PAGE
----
Format

Send to

Choose Destination
Biotechnol Bioeng. 2019 Dec 8. doi: 10.1002/bit.27246. [Epub ahead of print]

Identification and circumvention of bottlenecks in CYP21A2-mediated premedrol production using recombinant Escherichia coli.

Author information

1
Department of Biochemistry, Saarland University, Saarbrücken, Germany.
2
Center for Bioinformatics, Saarland University, Saarbrücken, Germany.

Abstract

Synthetic glucocorticoids such as methylprednisolone are compounds of fundamental interest to the pharmaceutical industry as their modifications within the sterane scaffold lead to higher inflammatory potency and reduced side effects compared with their parent compound cortisol. In methylprednisolone production, the complex chemical hydroxylation of its precursor medrane in position C21 exhibits poor stereo- and regioselectivity making the process unprofitable and unsustainable. By contrast, the use of a recombinant E. coli system has recently shown high suitability and efficiency. In this study, we aim to overcome limitations in this biotechnological medrane conversion yielding the essential methylprednisolone-precursor premedrol by optimizing the CYP21A2-based whole-cell system on a laboratory scale. We successfully improved the whole-cell process in terms of premedrol production by (a) improving the electron supply to CYP21A2; here we use the N-terminally truncated version of the bovine NADPH-dependent cytochrome P450 reductase (bCPR-27 ) and coexpression of microsomal cytochrome b5 ; (b) enhancing substrate access to the heme by modification of the CYP21A2 substrate access channel; and (c) circumventing substrate inhibition which is presumed to be the main limiting factor of the presented system by developing an improved fed-batch protocol. By overcoming the presented limitations in whole-cell biotransformation, we were able to achieve a more than 100% improvement over the next best system under equal conditions resulting in 691 mg·L-1 ·d-1 premedrol.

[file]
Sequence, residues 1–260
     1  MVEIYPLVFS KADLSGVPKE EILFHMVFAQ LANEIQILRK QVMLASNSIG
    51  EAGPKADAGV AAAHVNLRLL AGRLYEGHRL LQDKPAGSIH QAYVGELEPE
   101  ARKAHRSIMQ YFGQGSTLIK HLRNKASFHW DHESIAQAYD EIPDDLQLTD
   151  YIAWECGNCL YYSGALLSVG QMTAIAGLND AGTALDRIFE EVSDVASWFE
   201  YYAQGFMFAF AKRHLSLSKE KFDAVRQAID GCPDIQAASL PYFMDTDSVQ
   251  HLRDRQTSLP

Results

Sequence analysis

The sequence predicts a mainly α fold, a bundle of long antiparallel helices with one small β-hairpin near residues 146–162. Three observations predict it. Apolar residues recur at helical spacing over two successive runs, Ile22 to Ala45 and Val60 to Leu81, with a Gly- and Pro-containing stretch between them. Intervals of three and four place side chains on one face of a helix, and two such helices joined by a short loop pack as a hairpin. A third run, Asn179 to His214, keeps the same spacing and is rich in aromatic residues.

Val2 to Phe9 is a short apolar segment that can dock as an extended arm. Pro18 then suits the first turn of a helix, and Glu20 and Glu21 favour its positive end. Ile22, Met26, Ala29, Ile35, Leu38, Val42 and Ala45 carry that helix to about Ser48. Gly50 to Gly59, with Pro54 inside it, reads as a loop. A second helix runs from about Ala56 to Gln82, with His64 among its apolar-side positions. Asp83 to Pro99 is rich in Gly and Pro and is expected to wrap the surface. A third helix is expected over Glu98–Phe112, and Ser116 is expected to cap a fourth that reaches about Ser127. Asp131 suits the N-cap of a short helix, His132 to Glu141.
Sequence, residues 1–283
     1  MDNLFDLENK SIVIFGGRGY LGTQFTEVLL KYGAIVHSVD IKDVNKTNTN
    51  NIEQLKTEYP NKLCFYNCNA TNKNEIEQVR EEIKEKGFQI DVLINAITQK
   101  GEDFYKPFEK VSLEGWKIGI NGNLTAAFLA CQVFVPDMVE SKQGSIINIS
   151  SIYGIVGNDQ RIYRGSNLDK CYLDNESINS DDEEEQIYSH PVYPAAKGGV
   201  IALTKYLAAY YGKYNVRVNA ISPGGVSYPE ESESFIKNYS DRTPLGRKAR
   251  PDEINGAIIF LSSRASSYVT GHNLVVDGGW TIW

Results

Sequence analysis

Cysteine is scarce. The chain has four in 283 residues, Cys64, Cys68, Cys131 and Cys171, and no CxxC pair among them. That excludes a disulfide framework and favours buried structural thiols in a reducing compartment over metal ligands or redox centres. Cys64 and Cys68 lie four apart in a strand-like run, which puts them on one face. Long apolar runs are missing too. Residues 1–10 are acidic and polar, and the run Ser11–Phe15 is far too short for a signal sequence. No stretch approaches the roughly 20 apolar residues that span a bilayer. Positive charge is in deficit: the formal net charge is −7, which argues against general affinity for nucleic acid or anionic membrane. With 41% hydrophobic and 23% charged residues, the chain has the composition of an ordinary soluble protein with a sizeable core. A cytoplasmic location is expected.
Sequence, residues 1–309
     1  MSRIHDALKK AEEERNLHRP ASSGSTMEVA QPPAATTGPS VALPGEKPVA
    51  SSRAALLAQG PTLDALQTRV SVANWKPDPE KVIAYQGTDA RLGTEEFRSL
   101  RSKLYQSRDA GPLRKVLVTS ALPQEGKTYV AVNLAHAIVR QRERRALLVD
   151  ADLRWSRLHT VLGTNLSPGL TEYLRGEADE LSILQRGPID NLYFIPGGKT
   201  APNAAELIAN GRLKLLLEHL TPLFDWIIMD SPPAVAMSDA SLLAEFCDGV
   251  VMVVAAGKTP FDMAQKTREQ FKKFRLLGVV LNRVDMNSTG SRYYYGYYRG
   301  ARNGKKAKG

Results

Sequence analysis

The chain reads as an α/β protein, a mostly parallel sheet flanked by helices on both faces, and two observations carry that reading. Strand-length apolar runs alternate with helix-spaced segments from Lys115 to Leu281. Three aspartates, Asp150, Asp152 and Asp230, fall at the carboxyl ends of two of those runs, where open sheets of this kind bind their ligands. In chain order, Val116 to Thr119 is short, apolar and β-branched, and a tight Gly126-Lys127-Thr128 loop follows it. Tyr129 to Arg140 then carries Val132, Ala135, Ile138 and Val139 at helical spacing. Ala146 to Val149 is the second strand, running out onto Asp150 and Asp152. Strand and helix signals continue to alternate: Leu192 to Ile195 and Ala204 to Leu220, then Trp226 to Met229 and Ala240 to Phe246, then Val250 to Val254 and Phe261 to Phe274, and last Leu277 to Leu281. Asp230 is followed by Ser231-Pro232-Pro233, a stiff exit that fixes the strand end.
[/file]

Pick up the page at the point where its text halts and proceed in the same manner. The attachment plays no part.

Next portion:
KEYWORDS:

C21 hydroxylation; CYP21A2; cytochrome b5; enzyme engineering; whole-cell biotransformation

PMID:
31814109
DOI:
10.1002/bit.27246

Supplemental Content

Full text links

Icon for Wiley
Loading ...
Support Center